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Reliability of the Assessment of Lumbar Range of Motion and Maximal Isometric Strength in Patients With Chronic Low Back Pain

Archives of Physical Medicine and Rehabilitation
Publication Date
DOI: 10.1016/j.apmr.2007.09.039
  • Instrumentation
  • Low Back Pain
  • Range Of Motion
  • Rehabilitation
  • Reliability And Validity
  • Spine
  • Design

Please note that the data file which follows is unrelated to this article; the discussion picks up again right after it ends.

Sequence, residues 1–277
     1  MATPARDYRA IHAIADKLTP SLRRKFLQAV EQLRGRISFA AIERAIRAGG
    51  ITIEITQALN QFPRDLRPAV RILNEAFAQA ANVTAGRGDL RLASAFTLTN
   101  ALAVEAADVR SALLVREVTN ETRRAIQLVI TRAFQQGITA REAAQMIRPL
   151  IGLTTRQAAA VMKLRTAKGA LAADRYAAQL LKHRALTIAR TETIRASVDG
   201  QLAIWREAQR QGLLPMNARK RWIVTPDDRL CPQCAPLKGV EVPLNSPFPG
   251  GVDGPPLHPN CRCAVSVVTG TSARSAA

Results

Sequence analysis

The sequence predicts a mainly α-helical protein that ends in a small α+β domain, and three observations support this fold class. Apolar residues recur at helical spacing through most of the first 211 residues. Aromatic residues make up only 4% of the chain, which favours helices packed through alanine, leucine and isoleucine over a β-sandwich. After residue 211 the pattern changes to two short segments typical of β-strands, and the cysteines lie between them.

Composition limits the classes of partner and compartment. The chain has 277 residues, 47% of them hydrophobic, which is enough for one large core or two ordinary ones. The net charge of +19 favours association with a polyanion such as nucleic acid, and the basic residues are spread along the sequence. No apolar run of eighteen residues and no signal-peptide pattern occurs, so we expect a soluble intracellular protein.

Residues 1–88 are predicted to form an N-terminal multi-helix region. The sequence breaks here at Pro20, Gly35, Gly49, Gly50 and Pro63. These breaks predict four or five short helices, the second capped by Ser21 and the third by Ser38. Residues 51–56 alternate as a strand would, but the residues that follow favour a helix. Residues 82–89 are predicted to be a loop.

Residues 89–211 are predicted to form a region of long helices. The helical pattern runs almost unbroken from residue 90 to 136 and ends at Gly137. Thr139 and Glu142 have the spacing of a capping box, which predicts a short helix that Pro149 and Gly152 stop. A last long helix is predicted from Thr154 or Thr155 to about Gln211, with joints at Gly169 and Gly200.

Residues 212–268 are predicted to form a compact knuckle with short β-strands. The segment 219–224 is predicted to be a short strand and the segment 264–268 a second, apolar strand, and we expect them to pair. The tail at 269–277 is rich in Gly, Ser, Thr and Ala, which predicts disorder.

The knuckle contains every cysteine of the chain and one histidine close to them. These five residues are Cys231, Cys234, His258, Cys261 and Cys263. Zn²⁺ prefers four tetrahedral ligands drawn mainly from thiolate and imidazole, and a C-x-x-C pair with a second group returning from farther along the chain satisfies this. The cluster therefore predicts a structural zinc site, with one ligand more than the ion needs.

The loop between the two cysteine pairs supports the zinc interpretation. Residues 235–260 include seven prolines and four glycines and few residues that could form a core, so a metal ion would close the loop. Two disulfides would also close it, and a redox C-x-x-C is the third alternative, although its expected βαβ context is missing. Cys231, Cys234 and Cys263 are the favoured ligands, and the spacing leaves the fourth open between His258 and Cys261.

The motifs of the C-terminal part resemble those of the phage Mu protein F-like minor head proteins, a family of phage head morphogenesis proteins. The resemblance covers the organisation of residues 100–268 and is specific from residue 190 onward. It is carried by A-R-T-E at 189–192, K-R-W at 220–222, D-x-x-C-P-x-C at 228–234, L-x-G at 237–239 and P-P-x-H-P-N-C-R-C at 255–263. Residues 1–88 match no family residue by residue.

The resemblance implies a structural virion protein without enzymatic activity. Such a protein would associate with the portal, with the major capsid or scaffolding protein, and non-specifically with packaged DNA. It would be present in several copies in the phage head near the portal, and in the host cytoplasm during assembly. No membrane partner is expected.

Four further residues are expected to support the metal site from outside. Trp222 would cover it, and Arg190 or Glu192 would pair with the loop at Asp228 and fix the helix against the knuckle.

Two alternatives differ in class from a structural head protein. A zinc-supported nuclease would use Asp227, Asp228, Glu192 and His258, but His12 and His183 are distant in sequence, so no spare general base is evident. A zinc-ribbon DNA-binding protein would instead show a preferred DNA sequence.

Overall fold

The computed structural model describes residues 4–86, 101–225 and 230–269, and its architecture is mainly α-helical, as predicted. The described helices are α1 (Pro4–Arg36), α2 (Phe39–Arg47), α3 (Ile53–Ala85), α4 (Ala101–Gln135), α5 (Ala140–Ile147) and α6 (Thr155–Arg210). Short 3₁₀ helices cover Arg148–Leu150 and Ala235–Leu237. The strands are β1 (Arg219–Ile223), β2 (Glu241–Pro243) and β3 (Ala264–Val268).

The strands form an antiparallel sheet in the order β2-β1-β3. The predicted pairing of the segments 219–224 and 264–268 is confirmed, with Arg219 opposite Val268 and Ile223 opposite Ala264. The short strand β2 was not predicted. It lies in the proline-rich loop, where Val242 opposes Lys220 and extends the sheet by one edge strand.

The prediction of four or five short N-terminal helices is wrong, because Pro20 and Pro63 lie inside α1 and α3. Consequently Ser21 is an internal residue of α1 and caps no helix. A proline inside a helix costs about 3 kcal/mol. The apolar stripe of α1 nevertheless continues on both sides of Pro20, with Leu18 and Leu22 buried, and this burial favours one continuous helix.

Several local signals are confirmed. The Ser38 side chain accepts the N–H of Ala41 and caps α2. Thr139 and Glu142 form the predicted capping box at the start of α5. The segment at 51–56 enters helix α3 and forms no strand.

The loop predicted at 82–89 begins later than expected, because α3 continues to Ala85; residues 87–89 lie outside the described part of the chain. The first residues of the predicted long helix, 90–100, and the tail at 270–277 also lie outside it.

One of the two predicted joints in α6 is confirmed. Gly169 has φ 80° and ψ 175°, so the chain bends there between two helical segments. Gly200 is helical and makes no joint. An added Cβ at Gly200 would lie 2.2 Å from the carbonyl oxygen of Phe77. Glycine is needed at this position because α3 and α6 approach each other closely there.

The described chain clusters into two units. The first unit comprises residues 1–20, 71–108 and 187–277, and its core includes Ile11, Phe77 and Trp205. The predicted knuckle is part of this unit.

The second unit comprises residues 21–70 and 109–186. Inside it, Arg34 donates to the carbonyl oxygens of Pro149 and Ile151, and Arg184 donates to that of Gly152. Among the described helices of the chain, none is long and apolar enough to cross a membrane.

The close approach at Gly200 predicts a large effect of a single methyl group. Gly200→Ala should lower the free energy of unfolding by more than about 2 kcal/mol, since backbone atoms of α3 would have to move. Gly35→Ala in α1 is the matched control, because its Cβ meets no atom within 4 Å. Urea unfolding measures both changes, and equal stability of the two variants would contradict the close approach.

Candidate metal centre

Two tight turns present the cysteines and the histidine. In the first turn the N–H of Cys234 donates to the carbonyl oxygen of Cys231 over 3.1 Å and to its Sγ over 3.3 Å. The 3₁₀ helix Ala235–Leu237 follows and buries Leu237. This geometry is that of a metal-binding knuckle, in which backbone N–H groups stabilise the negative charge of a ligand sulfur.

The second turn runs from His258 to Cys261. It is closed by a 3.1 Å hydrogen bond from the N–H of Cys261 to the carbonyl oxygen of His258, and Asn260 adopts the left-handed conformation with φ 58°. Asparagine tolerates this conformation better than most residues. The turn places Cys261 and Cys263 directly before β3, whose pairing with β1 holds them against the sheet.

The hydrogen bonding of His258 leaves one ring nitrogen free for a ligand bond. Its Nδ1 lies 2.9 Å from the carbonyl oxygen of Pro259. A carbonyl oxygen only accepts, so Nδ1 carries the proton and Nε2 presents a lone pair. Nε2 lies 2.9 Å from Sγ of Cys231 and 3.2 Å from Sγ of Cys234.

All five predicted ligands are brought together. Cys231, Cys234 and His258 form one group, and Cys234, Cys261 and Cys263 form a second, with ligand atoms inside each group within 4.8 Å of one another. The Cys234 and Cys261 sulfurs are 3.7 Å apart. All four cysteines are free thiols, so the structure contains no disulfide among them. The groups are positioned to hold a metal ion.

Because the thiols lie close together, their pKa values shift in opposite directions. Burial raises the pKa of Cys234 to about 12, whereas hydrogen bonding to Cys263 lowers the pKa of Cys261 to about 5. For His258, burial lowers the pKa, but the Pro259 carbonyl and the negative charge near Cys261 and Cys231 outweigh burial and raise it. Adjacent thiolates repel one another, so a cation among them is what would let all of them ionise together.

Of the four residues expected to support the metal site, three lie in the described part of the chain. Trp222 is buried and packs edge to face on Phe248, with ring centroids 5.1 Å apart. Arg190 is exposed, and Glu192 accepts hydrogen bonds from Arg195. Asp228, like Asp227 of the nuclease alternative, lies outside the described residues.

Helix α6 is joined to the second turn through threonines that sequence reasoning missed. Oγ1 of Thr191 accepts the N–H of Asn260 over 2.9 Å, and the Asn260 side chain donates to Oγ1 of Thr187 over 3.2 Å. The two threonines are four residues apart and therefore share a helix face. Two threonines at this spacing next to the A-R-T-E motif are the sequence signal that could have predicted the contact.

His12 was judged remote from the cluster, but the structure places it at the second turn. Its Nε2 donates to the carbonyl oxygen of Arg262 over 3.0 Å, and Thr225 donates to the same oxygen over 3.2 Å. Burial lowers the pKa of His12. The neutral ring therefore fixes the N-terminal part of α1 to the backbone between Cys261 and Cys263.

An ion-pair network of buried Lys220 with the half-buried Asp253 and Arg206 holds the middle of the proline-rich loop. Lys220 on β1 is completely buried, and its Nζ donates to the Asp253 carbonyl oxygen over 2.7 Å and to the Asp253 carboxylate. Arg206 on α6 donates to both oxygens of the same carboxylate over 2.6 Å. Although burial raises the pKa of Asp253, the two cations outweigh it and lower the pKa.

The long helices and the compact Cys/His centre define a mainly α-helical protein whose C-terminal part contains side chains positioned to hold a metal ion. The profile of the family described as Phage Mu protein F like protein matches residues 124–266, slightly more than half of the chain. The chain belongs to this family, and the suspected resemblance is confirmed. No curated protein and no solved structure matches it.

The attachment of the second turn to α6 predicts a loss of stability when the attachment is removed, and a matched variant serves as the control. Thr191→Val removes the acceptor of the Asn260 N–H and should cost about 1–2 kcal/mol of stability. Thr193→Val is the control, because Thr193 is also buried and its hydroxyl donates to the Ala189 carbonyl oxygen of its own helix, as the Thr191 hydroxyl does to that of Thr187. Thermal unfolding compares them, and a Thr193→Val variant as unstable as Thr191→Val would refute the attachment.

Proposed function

Abstract Roussel NA, Truijen S, De Kerf I, Lambeets D, Nijs J, Stassijns G. Reliability of the assessment of lumbar range of motion and maximal isometric strength in patients with chronic low back pain. Objective To examine the interobserver reliability of the assessment of lumbar range of motion (ROM) and maximal isometric strength in patients with chronic low back pain (CLBP) using commercially available equipment. Design A prospective repeated-measures design. Setting Ambulatory care in a university hospital. Participants Twelve patients (5 men, 7 women; age range, 20−52y) with CLBP, with a mean visual analog scale score of 31.5±25.8mm, volunteered for the study. The duration of their symptoms was 63±115 months and the mean Oswestry Disability Index score was 31%. Interventions Not applicable. Main Outcome Measures Movements of the lumbar spine were assessed with commercially available equipment. Both the range of motion (ROM) and the maximal isometric strength for flexion, extension, lateroflexion, and rotation of the lumbar spine were evaluated twice to analyze the interobserver reliability. The same test procedure was performed on 2 separate days by 2 investigators who were blinded to the outcome of the assessment of their colleague. The order of investigator was balanced, so that each investigator tested the same number of patients as first investigator. Results The intraclass correlation coefficient varied between .91 and .98 for the measurements of the lumbar ROM and was between .93 and .97 for all the strength measurements. Post hoc power analysis confirmed previous power analysis, that is, despite the small sample size, an excellent power was found for the observed interobserver reliability coefficients (power range, 0.93−1.00). No learning effect was found when comparing the results of the second measurement with the first measurement ( P>.05). Conclusions The interobserver reliability is excellent for the measurement of the ROM of the lumbar spine and for the maximal isometric strength using specific devices in patients with CLBP.

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